Following Japan's Failed Economic Model

By: Gordon Long | Mon, Nov 10, 2014
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Japan Economic Cartoon

With Charles Hugh Smith & Gordon T Long

26 minutes

Charles Hugh Smith and Gordon T Long discuss the failed Japanese Economic Model and what it means for those nations following the Japanese path of QE and then QQE.

It's not just about Japan as a nation failing -- but that it's critically important to understand that the model Japan followed in the postwar era is failing.

Japan reached preeminence via an Asian-specific form of Capitalism with these four characteristics:

Four Pillars

Four Failed Pillars - Lessons Learned

1. Integration of government ministries and private-sector cartels,

2. Heavy reliance on export sectors for growth and profits,

3. Domestic savers provide the capital for export expansion,

4. Defaults and write-offs of bad debt cause loss of face and are thus hidden from public view

Charles Hugh Smith spells out why all four have failed.

This model will fail in every nation that relies on it.

Japan's response to the failure of its growth model is not a solution but an additional problem:

-- Expanding fiscal deficits to enable more government spending,

-- Monetizing government debt (Bank of Japan creates money and uses it to buy government bonds)

Is Japan's economy unique in the world? Yes and No.

YES: It is an island state with a homogeneous populace that is culturally attuned to producing high quality goods, saving money and sacrificing individual interests in favor of the greater good. That is unique.

NO: But the mercantilism, state-capitalist, debt-dependent model is not unique -- it has been copied by other developing nations as the gold standard for rapid development."

Japan has marched down the road that all the other developed economies are presently marching down.

Following Japan's Failed Economic Model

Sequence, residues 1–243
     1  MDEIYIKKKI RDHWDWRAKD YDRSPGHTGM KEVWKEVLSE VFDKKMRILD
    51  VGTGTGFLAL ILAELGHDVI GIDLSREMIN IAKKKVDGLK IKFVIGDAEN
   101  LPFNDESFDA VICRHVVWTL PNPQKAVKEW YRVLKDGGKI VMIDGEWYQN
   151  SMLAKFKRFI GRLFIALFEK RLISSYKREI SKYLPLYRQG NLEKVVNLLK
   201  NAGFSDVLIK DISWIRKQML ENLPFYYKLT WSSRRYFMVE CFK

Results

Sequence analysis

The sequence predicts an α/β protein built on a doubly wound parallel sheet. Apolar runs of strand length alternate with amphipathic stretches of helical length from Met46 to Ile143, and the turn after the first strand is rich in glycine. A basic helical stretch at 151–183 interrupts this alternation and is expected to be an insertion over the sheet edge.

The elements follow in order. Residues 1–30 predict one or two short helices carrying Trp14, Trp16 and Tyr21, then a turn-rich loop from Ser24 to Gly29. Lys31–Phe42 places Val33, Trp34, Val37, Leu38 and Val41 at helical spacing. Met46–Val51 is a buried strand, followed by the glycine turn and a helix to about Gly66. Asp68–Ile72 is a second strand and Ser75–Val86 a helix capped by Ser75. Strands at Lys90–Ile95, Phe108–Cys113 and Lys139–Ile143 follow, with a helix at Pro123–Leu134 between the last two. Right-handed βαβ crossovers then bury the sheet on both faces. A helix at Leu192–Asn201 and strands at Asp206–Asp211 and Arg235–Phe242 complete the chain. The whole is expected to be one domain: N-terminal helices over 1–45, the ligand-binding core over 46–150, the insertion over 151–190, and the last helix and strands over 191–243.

Gordon Long

Author: Gordon Long

Gordon T. Long
Publisher - LONGWave

Gordon T. Long

Gordon T. Long has been publically offering his financial and economic writing since 2010, following a career internationally in technology, senior management & investment finance. He brings a unique perspective to macroeconomic analysis because of his broad background, which is not typically found or available to the public.

Mr. Long was a senior group executive with IBM and Motorola for over 20 years. Earlier in his career he was involved in Sales, Marketing & Service of computing and network communications solutions across an extensive array of industries. He subsequently held senior positions, which included: VP & General Manager, Four Phase (Canada); Vice President Operations, Motorola (MISL - Canada); Vice President Engineering & Officer, Motorola (Codex - USA).

After a career with Fortune 500 corporations, he became a senior officer of Cambex, a highly successful high tech start-up and public company (Nasdaq: CBEX), where he spearheaded global expansion as Executive VP & General Manager.

In 1995, he founded the LCM Groupe in Paris, France to specialize in the rapidly emerging Internet Venture Capital and Private Equity industry. A focus in the technology research field of Chaos Theory and Mandelbrot Generators lead in the early 2000's to the development of advanced Technical Analysis and Market Analytics platforms. The LCM Groupe is a recognized source for the most advanced technical analysis techniques employed in market trading pattern recognition.

Mr. Long presently resides in Boston, Massachusetts, continuing the expansion of the LCM Groupe's International Private Equity opportunities in addition to their core financial market trading platforms expertise. is a wholly owned operating unit of the LCM Groupe.

Gordon T. Long is a graduate Engineer, University of Waterloo (Canada) in Thermodynamics-Fluid Mechanics (Aerodynamics). On graduation from an intensive 5 year specialized Co-operative Engineering program he pursued graduate business studies at the prestigious Ivy Business School, University of Western Ontario (Canada) on a Northern & Central Gas Corporation Scholarship. He was subsequently selected to attend advanced one year training with the IBM Corporation in New York prior to starting his career with IBM.

Gordon T Long is not a registered advisor and does not give investment advice. His comments are an expression of opinion only and should not be construed in any manner whatsoever as recommendations to buy or sell a stock, option, future, bond, commodity or any other financial instrument at any time. While he believes his statements to be true, they always depend on the reliability of his own credible sources. Of course, he recommends that you consult with a qualified investment advisor, one licensed by appropriate regulatory agencies in your legal jurisdiction, before making any investment decisions, and barring that, we encourage you confirm the facts on your own before making important investment commitments.

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